Fragile X Syndrome
Fragile X Syndrome: An Investigation of Cognitive Motor Deficits Using Ocular-Motor Paradigms
Esther S. Ginsberg
Fragile X Syndrome has been identified as the leading inherited condition linked to intellectual disability and to a number of physical and physiological complaints. The highly variable characteristics shown by the affected individuals have been so far associated with the diminution or absence of the functional product of only one gene. Some Fragile X Syndrome patients exhibit features common to other nosological entities, such as autism or Prader Willi Syndrome, suggesting that the genetic and/or protein pathways underlying these disorders intersect at certain points. This research aims at characterising the cognitive-motor deficits of Fragile X Syndrome by studying eye movements performed in defined contexts and in relation to specific task directions.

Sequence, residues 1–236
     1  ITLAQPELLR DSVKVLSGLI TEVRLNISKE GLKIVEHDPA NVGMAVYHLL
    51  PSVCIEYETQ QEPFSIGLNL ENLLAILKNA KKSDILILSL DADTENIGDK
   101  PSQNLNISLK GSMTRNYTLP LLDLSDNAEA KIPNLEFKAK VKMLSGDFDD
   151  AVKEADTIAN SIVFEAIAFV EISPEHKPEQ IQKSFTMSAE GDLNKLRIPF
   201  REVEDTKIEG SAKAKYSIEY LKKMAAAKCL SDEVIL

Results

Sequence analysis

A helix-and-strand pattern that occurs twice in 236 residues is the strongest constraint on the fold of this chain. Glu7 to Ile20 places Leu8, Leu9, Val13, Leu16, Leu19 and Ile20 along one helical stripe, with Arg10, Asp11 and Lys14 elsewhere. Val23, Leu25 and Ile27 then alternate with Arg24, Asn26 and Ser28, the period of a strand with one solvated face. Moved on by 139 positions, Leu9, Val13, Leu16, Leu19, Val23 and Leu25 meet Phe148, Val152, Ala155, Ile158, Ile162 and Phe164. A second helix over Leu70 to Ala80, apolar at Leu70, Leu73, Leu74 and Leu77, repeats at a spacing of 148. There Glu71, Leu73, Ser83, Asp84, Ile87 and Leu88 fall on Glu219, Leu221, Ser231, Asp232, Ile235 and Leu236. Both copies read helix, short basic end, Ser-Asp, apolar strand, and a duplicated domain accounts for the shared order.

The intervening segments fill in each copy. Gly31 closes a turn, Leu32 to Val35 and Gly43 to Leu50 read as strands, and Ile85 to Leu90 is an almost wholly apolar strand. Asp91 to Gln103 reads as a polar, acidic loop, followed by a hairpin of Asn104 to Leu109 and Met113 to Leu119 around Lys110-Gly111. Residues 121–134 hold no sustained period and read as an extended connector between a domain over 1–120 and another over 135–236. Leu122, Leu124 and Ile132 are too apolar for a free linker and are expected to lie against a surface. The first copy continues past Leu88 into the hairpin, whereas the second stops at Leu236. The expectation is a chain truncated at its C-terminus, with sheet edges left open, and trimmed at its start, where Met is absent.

The exploration of eye movements is a simple, non-invasive way of investigating brain function because the eyes are easily available for inspection and the activity related to ocular movements can be generated in practically every part of the brain. A comparison of the ocular activity in Fragile X Syndrome and in entities with an overlapping phenotype may point to similarities or differences in the neural circuits and structures involved.
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